Publication: Society of Manufacturing Engineers

How to Save Runs, Yet Reveal Breakthrough Interactions, By Doing Only a Semifoldover on Medium-Resolution Screening Designs

Published: May 2001
Authors: Mark Anderson, Patrick Whitcomb

Via case studies, this paper reviews the strategy of foldover on low-resolution (III) two-level fractional factorials and demonstrates how to reduce experimental runs by making use of semifoldover methods to augment medium-resolution (IV) designs.

Publication: ASQC 55th Annual Quality Congress Proceedings

Achieving Six Sigma Objectives for Variability Reduction in Formulation and Processing

Published: January 2001
Authors: Mark Anderson, Patrick Whitcomb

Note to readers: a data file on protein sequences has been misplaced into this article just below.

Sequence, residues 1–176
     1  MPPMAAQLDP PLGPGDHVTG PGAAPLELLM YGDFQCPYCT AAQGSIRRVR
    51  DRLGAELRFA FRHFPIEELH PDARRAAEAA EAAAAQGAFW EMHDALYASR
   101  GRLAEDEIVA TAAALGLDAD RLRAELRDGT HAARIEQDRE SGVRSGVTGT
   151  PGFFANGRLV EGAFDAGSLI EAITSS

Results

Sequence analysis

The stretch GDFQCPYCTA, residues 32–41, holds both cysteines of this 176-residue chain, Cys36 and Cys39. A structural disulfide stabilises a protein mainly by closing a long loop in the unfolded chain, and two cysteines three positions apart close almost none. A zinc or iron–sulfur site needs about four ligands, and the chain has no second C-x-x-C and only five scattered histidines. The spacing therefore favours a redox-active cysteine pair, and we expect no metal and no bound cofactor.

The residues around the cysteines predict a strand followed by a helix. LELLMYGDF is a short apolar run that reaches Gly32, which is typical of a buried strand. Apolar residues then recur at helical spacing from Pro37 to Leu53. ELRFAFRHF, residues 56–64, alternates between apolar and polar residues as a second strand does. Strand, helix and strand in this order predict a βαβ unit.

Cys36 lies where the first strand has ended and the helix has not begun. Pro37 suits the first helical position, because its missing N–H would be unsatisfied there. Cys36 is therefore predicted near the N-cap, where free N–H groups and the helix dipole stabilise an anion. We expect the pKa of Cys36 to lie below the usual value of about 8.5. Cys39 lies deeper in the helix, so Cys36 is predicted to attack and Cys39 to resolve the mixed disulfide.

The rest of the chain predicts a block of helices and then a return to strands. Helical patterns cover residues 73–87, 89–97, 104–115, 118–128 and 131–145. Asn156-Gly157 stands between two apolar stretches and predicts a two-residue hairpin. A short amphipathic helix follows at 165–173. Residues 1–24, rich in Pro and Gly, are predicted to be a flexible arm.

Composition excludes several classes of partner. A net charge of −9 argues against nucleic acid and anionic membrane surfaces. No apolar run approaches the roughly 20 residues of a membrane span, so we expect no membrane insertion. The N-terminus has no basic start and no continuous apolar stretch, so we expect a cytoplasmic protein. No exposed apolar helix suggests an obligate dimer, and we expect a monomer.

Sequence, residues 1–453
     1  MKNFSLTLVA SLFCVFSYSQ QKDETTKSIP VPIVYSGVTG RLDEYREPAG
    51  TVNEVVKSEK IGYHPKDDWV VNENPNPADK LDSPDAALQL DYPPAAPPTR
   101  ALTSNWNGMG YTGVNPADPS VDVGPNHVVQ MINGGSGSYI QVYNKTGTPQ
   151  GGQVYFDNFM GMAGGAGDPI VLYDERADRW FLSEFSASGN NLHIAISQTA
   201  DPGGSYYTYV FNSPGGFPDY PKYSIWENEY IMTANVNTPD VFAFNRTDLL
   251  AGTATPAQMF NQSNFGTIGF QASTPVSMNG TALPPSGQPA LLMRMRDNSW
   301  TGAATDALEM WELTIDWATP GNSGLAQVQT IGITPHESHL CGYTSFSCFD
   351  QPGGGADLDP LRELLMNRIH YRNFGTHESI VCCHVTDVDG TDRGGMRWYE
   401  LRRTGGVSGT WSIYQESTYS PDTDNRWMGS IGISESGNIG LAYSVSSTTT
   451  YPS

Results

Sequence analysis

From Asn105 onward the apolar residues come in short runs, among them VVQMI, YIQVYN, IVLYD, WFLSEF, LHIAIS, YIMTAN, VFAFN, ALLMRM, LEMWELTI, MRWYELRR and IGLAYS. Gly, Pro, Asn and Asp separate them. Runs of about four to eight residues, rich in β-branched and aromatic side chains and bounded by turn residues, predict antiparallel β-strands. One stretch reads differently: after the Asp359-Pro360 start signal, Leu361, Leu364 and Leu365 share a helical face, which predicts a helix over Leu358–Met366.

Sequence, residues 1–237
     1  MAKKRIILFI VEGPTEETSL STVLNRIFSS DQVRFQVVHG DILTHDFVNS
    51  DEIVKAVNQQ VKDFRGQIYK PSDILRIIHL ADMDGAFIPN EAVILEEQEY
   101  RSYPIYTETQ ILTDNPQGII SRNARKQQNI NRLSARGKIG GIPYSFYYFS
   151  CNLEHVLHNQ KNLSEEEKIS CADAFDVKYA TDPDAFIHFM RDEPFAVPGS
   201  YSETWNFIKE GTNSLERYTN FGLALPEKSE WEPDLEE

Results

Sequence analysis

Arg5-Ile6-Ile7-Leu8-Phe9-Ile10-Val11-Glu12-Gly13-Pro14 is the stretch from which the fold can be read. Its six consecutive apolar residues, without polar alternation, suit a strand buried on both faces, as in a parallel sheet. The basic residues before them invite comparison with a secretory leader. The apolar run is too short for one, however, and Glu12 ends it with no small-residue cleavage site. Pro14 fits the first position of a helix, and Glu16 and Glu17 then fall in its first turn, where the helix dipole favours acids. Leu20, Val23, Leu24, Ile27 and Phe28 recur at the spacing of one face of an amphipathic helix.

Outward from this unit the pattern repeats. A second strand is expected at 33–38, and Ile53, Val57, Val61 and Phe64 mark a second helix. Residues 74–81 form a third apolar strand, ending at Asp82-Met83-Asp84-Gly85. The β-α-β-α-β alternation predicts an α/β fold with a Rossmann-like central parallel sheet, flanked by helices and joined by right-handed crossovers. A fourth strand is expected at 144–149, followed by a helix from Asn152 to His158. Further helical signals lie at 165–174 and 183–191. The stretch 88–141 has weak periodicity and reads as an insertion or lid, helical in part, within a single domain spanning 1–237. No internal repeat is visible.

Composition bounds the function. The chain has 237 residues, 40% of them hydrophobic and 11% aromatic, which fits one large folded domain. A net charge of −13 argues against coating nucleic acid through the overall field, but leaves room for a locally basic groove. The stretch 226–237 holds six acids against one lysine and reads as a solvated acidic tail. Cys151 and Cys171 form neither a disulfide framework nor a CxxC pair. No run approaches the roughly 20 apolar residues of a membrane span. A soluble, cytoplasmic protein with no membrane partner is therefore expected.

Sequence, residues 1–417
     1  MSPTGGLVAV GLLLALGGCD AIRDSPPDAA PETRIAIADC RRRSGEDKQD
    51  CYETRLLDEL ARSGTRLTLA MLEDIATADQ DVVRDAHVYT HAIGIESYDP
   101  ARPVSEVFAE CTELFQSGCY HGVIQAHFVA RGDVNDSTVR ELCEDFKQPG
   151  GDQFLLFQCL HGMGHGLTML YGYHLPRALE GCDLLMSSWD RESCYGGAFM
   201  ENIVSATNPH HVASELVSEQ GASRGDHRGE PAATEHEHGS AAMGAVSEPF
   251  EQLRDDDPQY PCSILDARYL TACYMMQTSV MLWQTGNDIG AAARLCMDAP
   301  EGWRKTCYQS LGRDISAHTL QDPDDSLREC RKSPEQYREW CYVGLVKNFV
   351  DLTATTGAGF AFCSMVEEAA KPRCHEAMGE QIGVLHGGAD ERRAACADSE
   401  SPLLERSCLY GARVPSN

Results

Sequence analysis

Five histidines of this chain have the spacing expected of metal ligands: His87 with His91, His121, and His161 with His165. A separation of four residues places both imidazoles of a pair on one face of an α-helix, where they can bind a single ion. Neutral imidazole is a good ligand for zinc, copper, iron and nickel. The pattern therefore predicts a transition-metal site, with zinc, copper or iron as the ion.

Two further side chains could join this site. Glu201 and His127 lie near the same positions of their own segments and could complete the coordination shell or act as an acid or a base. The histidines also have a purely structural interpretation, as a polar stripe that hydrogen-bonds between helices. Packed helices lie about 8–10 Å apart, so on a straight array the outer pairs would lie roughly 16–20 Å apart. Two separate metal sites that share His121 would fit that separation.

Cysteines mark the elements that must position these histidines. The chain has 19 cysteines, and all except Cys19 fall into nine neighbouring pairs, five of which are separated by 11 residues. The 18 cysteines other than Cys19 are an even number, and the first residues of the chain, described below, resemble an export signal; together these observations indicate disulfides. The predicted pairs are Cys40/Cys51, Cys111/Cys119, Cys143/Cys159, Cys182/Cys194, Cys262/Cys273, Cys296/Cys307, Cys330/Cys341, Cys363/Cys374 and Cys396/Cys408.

Apply powerful design of experiments (DOE) tools to make your system more robust to variations in component levels and processing factors.

Design Experiments that Combine Mixture Components with Process Factors

Published: December 2000
Authors: Mark Anderson, Patrick Whitcomb

This article shows how to do a comprehensive experiment that combines mixture components with process factors in one crossed design, thus revealing interactions that would remain hidden by not combining all the variables in one study.

Publication: Chemical Engineering Progress

Practical Aids for Teaching Experimental Designs

Published: February 2000
Authors: Madhuri Mulekar, Mark Anderson, D.W. McCarmik, Pat Spagon